CREATIVE ECONOMY IN NUMBERS
TINSELTOWN GETS CEREBRAL
Many people have dismissed Los Angeles as a vapid place to live, but its growing status as a cultural capital is gaining respect. It’s much deserved, when you consider it has some of the best museums and galleries in the country, including the Getty, e Broad and LACMA, which will be expanded by 2023 thanks to a US$600 million investment that will see its campus extended over Wilshire Boulevard with the addition of the LACMA Building for the Permanent Collection. ( e new nearby Wilshire/ Fairfax subway station will open at around the same time.) Running from September 2017 to January 2018, “Paci c Standard Time LA/LA” was an ambitious fourmonth exhibition of Latin American and Latino culture with works by 1,100 artists
from 45 countries displayed across more than 70 venues in LA and the wider state. It’s endeavours like these that are inspiring an in ux of talent.
With a growing community of creatives comes innovation, which means LA is also leading the way when it comes to everything from food trends to the experience economy (Airbnb Experiences lists dozens of activities you can book with a local, such as vinyl record shopping with a Grammy award-winning artist). Los Angeles has been
a health-conscious city for decades, but it’s amazing to see the number of juice bars, organic supermarkets, protein shake stands and vegetarian/vegan restaurants. Stop by Cafe Gratitude, for example (there are four outposts in the city) and you can order beer-battered coconut “calamari” and blue algae superfood smoothies; Gracias Madre on Melrose, which has a Mediterranean-style garden, serves “crab” cakes made from hearts of palm, Mexican quesadillas slathered in cashew cheese and “high vibes”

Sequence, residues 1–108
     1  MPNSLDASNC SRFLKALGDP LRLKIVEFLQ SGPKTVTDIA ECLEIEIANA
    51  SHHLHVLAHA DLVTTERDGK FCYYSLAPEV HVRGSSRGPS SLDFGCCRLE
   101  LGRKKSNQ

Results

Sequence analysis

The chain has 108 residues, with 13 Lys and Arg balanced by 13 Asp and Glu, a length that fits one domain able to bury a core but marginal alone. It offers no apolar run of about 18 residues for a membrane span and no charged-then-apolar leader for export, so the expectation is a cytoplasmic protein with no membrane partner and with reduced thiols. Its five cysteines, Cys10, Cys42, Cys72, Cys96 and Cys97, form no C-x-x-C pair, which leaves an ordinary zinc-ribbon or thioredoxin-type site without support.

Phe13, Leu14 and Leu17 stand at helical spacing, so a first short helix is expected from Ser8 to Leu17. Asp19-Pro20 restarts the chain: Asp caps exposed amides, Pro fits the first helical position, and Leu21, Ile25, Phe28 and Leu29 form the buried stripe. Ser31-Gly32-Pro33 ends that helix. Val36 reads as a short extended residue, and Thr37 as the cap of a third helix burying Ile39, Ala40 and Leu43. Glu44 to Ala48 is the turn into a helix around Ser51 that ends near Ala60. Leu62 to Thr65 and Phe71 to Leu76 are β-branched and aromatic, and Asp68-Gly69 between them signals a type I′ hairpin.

Over the next four years, LA's creative economy will grow by more than ve per cent
cocktails infused with cannabidiol CBD oil (marijuana use is now legal in California).
At another restaurant called Ysabel,
I nd it has given over its bar for a few nights to local cocktail maestro Matthew Biancaniello, who specialises in savoury and edible drinks. He begins by enthusiastically serving new arrivals cups of alcoholic French onion soup made with ingredients from the local farmers’ market. A er spending four and a half years bartending at the Hollywood Roosevelt Hotel’s Library Bar, he is now focusing on popups such as this, where he can be truly inventive, mixing the likes of Ogo seaweed tequila with lemon guava, curry leaves and fresh chamomile; and shiitake mushroominfused bourbon with bergamot vodka, blood orange, smoked jalapeño and arugula (rocket) blossoms.
It’s not without its challenges, though, Biancaniello says. “Since I have been living here, so many places have opened and LA seems to be so ckle when it comes to longevity. Rents are high and it is increasingly di cult for restaurants to maintain themselves. ere are too many options available and people are constantly looking for the hottest spots. Not having my own laboratory to really build upon what I am doing is di cult too. Eventually, I would very much love to open my own tasting menu bar in Los Angeles or have a travelling one that goes around the world.”
WHERE THE COOL KIDS ARE